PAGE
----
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|Issue Date: ||31-May-2011|
|Authors: ||Tufano, Saverio|
|Title: ||Dynamic response of the coupled human body and seat in vertical and fore-and-aft direction|
|Abstract: ||In many environments vibration is transmitted to a person through a seat. Seats can be designed to reduce the discomfort and the injuries caused by vibration. The efficiency of a seat in reducing vibration depends on the characteristics of the vibration, the characteristics of the seat, and the characteristics of the person sitting on the seat (Griffin, 1990).
This research was designed to investigate several aspects of the transmission of vertical and fore-and-aft vibration through polyurethane foams used in seat construction. The research programme was focused on two experiments. The first experiment was designed: (i) to investigate non-linearities in the seat and the human body in the vertical direction and their contributions to seat transmissibility; (ii) to compare the vertical apparent mass of the human body on rigid and soft seats; (iii) to measure and model the vertical dynamic stiffness of polyurethane foam seat cushions and investigate how the dynamic stiffness depends on vibration magnitude and subject characteristics (i.e. sitting weight, and hip breadth). The second experiment was designed: (i) to investigate the dependence of fore-and-aft seat cushion transmissibility on vibration magnitude, foam stiffness and contact with a backrest; (ii) to compare the fore-and-aft apparent masses of the human body on rigid and soft seats; (iii) to measure and model the dynamic stiffness of polyurethane foam seat cushions in the fore-and-aft direction, compare the fore-and-aft and vertical dynamic stiffness of foam, and investigate how fore-and-aft dynamic stiffness depends on subject sitting weight and hip breadth; (iv) to study the linear and non-linear effects of simultaneous vertical and fore-and-aft vibration and investigate whether single-axis transmissibility and single-axis models can be used to predict seat cushion transmissibility in multi-axis vibration environments.
Fifteen subjects attended the two experiments. In the first experiment, the vertical force and vertical acceleration at the seat base and vertical acceleration at the seat-subject interface were measured during random vertical vibration excitation (0.25 to 25 Hz) at each of five vibration magnitudes (0.25 to 1.6 ms-2 r.m.s.), with four seating conditions (rigid flat seat and three foam cushions). The measurements are reported in terms of the subject apparent mass on the rigid and foam seat surfaces, and the transmissibility and dynamic stiffness of each of the foam cushions. A frequency domain model was used to identify the dynamic parameters of the foams and to investigate their dependence on subject sitting weight and hip breadth.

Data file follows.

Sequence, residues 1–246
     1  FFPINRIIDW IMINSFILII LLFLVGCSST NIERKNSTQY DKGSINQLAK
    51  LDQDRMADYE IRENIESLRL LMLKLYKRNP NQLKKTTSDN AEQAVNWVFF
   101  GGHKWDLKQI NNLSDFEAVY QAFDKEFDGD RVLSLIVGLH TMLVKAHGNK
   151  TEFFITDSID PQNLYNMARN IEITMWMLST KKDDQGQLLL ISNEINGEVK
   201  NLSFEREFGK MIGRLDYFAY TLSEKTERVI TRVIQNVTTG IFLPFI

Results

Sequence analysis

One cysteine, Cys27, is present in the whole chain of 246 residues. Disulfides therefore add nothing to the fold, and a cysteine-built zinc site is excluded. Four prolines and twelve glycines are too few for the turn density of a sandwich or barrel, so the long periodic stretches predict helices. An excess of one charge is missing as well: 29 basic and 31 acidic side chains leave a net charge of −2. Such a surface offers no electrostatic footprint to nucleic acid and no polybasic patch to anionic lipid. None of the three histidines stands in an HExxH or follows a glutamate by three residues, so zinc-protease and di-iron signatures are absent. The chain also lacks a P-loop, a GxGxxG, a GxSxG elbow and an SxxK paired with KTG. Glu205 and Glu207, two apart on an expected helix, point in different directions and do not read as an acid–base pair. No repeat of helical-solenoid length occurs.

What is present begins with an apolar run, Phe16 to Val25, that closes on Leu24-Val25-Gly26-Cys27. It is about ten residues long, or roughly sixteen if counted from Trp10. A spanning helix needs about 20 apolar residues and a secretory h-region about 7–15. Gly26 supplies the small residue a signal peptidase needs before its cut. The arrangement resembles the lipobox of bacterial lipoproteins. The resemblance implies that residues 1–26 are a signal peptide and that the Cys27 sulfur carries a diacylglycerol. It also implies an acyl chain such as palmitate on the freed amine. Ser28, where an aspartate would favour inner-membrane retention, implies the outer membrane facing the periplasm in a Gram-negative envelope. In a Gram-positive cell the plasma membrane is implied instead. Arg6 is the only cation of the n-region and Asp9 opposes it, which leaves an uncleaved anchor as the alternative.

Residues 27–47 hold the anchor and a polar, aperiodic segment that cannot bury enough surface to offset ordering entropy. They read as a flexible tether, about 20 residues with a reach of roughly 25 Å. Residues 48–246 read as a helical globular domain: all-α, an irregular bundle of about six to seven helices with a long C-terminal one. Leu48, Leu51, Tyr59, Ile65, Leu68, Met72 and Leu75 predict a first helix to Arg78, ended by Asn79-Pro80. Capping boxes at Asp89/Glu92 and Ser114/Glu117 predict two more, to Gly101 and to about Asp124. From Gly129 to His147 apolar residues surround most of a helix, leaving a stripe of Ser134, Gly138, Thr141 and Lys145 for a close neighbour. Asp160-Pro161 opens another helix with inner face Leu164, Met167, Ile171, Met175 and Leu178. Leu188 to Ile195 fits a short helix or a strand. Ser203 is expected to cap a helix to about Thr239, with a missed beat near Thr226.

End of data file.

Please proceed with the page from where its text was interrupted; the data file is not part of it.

In the second experiment, the vertical and fore-and-aft forces and accelerations at the seat base and the vertical and fore-and-aft accelerations at the seat-subject interface were measured during random vibration excitation (0.25 to 25 Hz) in fore-and-aft and vertical directions. Using three acceleration magnitudes in each direction (0, 0.25 and 1.0 ms-2 r.m.s.) eight different combinations of vertical and fore-and-aft excitation were investigated with three seating conditions (rigid flat seat and two foam cushions), with and without contact with a rigid vertical backrest.
Both the human body and the foams showed nonlinear softening behaviour, which resulted in nonlinear cushion transmissibility in both the vertical and the fore-and-aft direction. The nonlinearities in vertical cushion transmissibility, expressed in terms of changes in resonance frequencies and moduli, were more dependent on human body nonlinearity than on cushion nonlinearity. The vertical apparent masses of subjects sitting on the rigid seat and on foam cushions were similar, but with an apparent increase in damping when sitting on the foams. Fore-and-aft apparent mass was strongly dependent on the use of the backrest. Fore-and-aft apparent masses on rigid and soft seats had similar shapes. The vertical and fore-and-aft dynamic stiffness of foam was found to be nonlinear with vibration magnitude and showed complex correlations with the characteristics of the human body. Foams were stiffer in the horizontal direction than in the vertical direction. Linear cross-coupling between vertical and fore-and-aft transmissibility was found: a small part of the vertical (or fore-and-aft) vibration at the seat base contributes to fore-and-aft (or vertical) vibration at the subject-seat interface. Nonlinear cross-coupling was found in seat transmissibility and foam dynamic stiffness: the softening of the seat-subject system in one axis is affected by the vibration in the perpendicular direction.
The author believes that this research increased the current state of knowledge of the dynamics of the seated human body and polyurethane foams and so it represents a step forward in the understanding of the mechanisms involved in the vibration isolation provided by seats.|
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